Men love little and often, women much are rarely.
Weak men wait for opportunities; strong men make them.
If men would wound you with injuries, meet them with patience: hasty words rankle the wound, soft language, dresses it, forgiveness cures it, and oblivion takes away the scar. It is more noble by silence to avoid an injury than by argument to overcome it.
If men wound you with injuries, meet them with patience; hasty words rankle the wound, soft language dresses it, forgiveness cures it, and oblivion takes away the scar. It is more noble by silence to avoid an injury; than by argument to overcome it.
It is when we detect our own weaknesses that we come to pity or despise mankind. The human nature from which we then turn away is the human nature we have discovered in the depths of our own being. The evil is so well screened, the secret so universally kept, that in this case each individual is the dupe of all: however severely we may profess to judge other men, at bottom we think them better than ourselves. On this happy illusion much of our social life is grounded.
Even the best of men get knocked down many times in a lifetime. Occasional knocks aren't anything to be afraid of. In fact, they make the game of life interesting; they are the hazards and the bunkers and sandtraps that force us to keep our mind on the game and play our best.
Men are always sincere. They change sincerities, that's all.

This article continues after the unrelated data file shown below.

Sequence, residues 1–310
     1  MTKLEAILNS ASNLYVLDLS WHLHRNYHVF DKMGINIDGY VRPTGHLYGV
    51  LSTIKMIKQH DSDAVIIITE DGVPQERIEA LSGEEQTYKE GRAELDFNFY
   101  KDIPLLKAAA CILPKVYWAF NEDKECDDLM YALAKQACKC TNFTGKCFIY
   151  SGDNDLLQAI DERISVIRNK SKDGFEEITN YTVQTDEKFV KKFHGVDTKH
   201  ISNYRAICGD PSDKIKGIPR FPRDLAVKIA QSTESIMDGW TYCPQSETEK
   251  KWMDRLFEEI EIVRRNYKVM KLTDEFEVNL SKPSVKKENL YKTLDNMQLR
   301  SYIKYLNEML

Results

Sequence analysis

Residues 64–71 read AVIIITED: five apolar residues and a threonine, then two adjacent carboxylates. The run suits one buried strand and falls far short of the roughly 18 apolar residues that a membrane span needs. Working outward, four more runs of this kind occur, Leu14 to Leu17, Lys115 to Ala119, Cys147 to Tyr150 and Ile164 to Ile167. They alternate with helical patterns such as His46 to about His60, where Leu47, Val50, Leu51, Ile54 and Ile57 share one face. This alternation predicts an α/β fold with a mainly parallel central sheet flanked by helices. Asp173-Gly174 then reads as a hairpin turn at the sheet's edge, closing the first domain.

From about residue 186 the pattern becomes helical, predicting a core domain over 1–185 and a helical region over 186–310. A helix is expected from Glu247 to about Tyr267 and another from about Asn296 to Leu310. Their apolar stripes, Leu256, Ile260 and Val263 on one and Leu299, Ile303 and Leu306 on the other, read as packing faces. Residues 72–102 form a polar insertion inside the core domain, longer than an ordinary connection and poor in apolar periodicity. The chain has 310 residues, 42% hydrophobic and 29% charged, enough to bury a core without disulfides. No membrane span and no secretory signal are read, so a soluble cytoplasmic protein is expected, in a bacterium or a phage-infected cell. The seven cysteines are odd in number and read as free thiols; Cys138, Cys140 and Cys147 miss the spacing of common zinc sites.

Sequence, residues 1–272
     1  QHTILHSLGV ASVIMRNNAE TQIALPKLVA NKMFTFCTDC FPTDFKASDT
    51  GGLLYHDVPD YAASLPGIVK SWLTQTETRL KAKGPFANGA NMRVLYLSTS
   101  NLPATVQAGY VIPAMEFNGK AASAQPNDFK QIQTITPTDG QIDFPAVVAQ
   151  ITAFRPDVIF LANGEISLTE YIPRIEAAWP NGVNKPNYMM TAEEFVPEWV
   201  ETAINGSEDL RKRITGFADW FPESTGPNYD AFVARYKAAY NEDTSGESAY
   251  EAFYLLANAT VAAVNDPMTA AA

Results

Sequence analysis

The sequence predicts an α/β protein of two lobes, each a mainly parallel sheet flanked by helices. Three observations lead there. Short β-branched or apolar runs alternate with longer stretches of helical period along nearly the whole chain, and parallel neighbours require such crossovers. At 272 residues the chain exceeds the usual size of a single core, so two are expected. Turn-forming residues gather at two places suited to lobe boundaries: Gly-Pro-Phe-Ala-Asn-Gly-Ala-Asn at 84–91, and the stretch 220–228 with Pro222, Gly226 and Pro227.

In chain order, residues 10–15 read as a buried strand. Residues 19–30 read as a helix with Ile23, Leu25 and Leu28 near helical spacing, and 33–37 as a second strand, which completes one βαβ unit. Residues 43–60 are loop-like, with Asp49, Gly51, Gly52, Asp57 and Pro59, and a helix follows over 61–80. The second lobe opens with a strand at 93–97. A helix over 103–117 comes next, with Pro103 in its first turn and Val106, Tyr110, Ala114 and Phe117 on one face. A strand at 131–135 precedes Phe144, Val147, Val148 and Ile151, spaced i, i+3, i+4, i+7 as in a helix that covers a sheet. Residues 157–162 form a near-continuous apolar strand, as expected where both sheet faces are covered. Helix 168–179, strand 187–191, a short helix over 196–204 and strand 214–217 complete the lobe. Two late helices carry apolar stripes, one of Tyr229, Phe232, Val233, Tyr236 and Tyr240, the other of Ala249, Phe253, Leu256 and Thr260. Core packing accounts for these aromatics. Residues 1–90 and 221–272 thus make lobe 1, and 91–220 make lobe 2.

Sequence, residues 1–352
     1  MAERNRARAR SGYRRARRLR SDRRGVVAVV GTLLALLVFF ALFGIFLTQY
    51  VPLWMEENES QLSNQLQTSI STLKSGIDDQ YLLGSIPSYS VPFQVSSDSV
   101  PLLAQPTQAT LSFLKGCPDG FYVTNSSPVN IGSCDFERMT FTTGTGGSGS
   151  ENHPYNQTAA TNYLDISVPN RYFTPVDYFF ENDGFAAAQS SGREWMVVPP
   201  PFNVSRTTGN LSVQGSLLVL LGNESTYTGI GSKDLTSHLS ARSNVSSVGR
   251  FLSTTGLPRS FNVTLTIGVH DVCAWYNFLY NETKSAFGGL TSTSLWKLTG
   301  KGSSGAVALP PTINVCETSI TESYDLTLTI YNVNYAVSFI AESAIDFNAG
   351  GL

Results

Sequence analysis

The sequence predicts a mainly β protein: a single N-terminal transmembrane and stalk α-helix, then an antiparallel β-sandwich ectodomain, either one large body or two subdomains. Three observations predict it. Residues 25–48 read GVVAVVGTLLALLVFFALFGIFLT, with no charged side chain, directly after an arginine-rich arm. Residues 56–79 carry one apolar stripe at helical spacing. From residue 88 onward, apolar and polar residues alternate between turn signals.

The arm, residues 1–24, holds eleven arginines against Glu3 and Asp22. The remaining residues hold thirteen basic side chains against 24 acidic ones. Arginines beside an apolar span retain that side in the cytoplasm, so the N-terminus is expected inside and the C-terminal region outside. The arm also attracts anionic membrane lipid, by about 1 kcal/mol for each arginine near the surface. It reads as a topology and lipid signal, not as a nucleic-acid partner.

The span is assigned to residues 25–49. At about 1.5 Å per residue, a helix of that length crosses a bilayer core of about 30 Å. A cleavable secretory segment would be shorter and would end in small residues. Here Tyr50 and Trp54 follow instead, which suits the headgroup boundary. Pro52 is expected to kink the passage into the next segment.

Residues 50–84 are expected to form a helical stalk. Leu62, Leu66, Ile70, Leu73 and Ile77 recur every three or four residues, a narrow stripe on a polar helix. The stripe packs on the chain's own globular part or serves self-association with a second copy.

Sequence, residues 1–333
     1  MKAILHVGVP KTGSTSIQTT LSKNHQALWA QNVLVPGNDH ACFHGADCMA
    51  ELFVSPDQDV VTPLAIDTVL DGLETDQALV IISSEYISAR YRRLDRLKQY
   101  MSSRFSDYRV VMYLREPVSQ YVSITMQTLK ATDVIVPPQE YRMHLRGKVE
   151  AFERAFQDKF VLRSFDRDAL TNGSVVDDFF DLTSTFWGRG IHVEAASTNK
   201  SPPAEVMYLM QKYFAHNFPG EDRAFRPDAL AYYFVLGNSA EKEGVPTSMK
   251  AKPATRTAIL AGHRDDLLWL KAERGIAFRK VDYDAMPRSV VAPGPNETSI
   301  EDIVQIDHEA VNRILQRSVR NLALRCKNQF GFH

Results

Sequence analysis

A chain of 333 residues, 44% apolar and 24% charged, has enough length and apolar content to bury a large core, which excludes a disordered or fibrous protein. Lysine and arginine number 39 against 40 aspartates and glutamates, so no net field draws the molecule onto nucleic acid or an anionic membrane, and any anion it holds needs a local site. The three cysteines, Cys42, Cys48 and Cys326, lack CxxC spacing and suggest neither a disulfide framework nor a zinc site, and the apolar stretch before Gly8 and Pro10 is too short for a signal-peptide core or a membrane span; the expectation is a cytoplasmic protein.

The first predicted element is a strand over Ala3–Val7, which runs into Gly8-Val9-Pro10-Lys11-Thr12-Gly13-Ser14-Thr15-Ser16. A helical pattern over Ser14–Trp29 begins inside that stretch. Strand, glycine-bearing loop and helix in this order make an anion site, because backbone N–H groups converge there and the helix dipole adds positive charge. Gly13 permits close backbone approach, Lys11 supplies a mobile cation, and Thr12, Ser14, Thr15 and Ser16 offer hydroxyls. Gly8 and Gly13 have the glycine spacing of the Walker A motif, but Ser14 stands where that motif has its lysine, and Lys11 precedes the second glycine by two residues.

Such is the infatuation of self-love, that, though in general doctrine of the vanity world all men agree, yet almost everyone flatters himself that his own case is to be an exception from the common rule.
Having no soul union with other men can be the most damaging wound of all.
If you want to earn more - learn more. If you want to get more out of the world you must put more into the world. For, after all, men will get no more out of life than they put into it.
You cannot help men permanently by doing for them what they could and should do for themselves.
The trouble of the many and various aims of mortal men bring them much care, and herein they go forward by different paths but strive to reach one end, which is happiness. And that good is that, to which if any man attain, he can desire nothing further... Happiness is a state which is made perfect by the union of all good things. This end all men seek to reach, as I said, though by different paths. For there is implanted by nature in the minds of men a desire for the true good; but error leads them astray towards false goods by wrong paths.
It is a very easy thing to devise good laws; the difficulty is to make them effective. The great mistake is that of looking upon men as virtuous, or thinking that they can be made so by laws; and consequently the greatest art of a politician is to render vices serviceable to the cause of virtue.
Whatever study tends neither directly nor indirectly to make us better men and citizens is at best a specious an ingenious sort of idleness; and the knowledge we acquire by it only a credible kind of ignorance, nothing more.
There are no hopeless situations, there are only hopeless men.
There is no passion so distressing as fear, which gives us great pain and makes us appear contemptible in our own eyes to the last degree. Fear is in almost all cases a wretched instrument of government, and ought in particular never to be employed against any order of men who have the smallest pretensions to independency.
Good men have the fewest fears. He has but one great fear who fears to do wrong; he has a thousand who has overcome it.
It does not take great men to do great things; it only takes consecrated men.
Only the soul that with an overwhelming impulse and a perfect trust gives itself up forever to the life of other men, finds the delight and peace which such complete self-surrender has to give.
There is the seed of all sins - of the vilest and worst of sins - in the best of men.